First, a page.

Many accountable care organizations are beginning to adopt various programs or strategies into their framework to increase patient access to behavioral health care, but several challenges remain.
Delivery of care in the United States is changing, and a recent study found that many accountable care organizations (ACOs) are recognizing this transition—and they’re moving forward. With the goal of an ACO being to reduce costs while improving health outcomes as well as quality of life, many ACOs are beginning to understand the impact of behavioral health conditions on both quality and cost, and are integrating behavioral health care into their practices.
A study published in Health Affairs noted that previous research has indicated that individuals with chronic conditions, such as diabetes, cardiovascular and pulmonary disease, and who are high users of healthcare services are more likely to have behavioral health conditions. Research found that individuals, for example, with diabetes or heart failure and comorbid depression had 4.5 times higher total costs of care than individuals without mental health comorbidities. Those with mental health conditions and chronic comorbid diseases were also associated with poorer adherence to treatment and quality of care than those without. However, a 2013 study had found that most ACOs hadn’t moved from a traditional and fragmented fee-for-service reimbursement model.
As a result, this new research study sought to examine where and how behavioral health could be improved in the ACO model, specifically in the Medicare ACOs. Researchers examined various ACOs under the Medicare Shared Savings Program and the Advance Payment ACO Model.
The research team conducted various interviews and site visits throughout the length of the study and found that almost all ACO personnel recognized the impact of behavioral health on utilization and spending. Additionally, researchers found that many of the ACO care coordination teams understood that a greater percentage of their patients who were high risk and high cost had complex behavioral health and psychosocial needs. Among the various types of ACOs, the study discovered that Shared Savings ACOs were more likely to have developed at least 1 approach to addressing behavioral health than Advance Payment ACOs.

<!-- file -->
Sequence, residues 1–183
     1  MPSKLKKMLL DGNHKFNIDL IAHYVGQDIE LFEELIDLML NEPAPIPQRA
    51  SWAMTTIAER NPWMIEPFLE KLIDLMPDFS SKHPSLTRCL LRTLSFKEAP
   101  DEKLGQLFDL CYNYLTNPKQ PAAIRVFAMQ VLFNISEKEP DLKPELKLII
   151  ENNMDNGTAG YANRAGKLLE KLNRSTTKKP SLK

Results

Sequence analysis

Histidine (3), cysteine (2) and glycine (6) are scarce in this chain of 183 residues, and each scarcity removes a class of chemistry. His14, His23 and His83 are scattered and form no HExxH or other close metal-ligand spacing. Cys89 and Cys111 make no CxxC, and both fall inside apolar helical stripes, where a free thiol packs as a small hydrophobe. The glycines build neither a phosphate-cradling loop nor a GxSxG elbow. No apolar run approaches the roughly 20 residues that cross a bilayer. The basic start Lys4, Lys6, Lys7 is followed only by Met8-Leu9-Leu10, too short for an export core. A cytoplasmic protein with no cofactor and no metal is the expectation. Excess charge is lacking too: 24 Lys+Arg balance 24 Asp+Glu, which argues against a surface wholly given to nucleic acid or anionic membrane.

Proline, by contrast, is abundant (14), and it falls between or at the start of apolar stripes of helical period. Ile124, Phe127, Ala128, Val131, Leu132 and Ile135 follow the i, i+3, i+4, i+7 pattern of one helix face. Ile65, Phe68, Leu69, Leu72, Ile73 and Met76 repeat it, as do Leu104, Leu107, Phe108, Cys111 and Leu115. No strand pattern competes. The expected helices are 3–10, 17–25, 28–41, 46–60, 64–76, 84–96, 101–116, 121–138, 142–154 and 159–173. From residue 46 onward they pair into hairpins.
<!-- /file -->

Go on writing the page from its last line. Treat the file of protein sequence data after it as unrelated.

While the study reported that many of the ACOs were beginning to adopt various programs or strategies into their framework to increase patient access to behavioral health care, either through means of social workers, referral networks or screenings, ACOs still face several challenges in making this transition. Many ACO officials cited a lack of behavioral health professionals as a barrier to successful implementation, while others cited reimbursement issues with Medicare, where either the reimbursement was too low or that the behavioral health care provider faced issues in billing to Medicare.
“Significant challenges remain, such as those related to provider access, sustainable financing models, data sharing, and resistance to treatment by both providers and patients,” the authors wrote in the report. “However, the ongoing shift toward capitated payments is driving a new era of coordination and integration between physical and behavioral health that will expand the models for effective and improved health care to address all health needs.”